>of the join specification or it appears in a HAVING clause and is not in
>the GROUP BY list.  If this is a CREATE or ALTER TABLE statement then
>'DB2TEST.DEPT.DNO' is not a column in the target table.
>
>  
>
>
>
>Here is how you can  form your next question on this issue so that  busy
>people in the community might able to help.   Fill in the  <>'s  with
>the missing information.
>
>I am implementing delete with alias,
>   < insert SQL Syntax from the SQL spec here >
>
>
>I almost have it working but am stuck on this case.
>    < insert  general description of  the case in question here>
>
>    This was disallowed before becuase <... >and gave a Syntax error. 
>Now it   <{should work | should  still  give a syntax error |  something
>else}> , but  with  my  changes  I get an error that the column is not
>in any table in the from list.
>
>My general strategy in this case was to
>    < ....>
>    pull the correlation  name from the query and pass it to the DeleteNode.
>    <....>
>
>I thought in this case there might be a binding problem because <...>.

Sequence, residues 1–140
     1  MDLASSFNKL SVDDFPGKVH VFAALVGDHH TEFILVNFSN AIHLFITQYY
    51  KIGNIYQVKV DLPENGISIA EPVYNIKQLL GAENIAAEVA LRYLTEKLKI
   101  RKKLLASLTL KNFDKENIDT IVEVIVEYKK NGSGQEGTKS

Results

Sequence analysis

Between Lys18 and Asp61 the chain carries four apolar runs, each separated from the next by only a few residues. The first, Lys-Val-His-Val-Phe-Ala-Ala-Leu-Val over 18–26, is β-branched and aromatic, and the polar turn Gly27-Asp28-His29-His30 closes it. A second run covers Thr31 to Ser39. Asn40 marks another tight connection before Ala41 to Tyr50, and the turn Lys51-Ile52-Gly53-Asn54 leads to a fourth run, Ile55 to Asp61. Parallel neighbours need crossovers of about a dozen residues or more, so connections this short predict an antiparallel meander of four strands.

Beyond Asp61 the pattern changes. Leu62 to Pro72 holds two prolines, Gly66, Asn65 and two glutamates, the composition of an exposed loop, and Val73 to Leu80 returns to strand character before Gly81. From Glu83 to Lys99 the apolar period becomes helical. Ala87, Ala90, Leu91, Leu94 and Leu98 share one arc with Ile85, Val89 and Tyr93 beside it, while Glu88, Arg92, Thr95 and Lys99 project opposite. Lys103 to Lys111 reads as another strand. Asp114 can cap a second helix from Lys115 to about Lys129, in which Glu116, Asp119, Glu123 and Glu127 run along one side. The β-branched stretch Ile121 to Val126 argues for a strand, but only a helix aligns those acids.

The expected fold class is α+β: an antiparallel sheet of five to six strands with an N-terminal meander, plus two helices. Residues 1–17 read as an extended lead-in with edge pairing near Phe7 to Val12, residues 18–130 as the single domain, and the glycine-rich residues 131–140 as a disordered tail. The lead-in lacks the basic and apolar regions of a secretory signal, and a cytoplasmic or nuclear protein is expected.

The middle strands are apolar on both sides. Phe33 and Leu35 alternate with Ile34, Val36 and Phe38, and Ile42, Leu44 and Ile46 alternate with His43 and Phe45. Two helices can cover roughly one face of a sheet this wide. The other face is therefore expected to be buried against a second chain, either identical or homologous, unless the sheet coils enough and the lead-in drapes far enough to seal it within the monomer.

>In debugging that I found <....>
>
>
>
>Here is an example of the SQL for this case and the trace I get with my
>changes.
>
>create table <...>.
>insert into <....>
><select | delete ...>
>
><   A question that someone could answer given just the information you
>have provided >
>
>It's ok to post your patch so far for reference, but you can't really
>expect that anyone is going to have time to apply it and debug the
>problem themselves.  You can see I never even needed to know that
>refactions1 failed, but I really do need to know what SQL you are trying
>to execute and how you expect it to behave.   The great thing about
>composing your question in this way is that you will probably find out
>what's wrong yourself along the way #:).
>
>Dan, was mentioning an article on "How To Ask Questions the Right Way",
>but I am having trouble finding it.  Dan could you post a link?
>
>
>Kathey
>
>
>
>
>  
>